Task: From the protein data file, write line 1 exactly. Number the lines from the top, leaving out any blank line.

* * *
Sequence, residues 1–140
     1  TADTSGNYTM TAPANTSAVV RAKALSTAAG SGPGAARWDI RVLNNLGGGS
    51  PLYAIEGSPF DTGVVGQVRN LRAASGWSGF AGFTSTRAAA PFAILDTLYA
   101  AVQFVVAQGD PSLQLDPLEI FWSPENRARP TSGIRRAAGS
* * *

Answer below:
Sequence, residues 1–140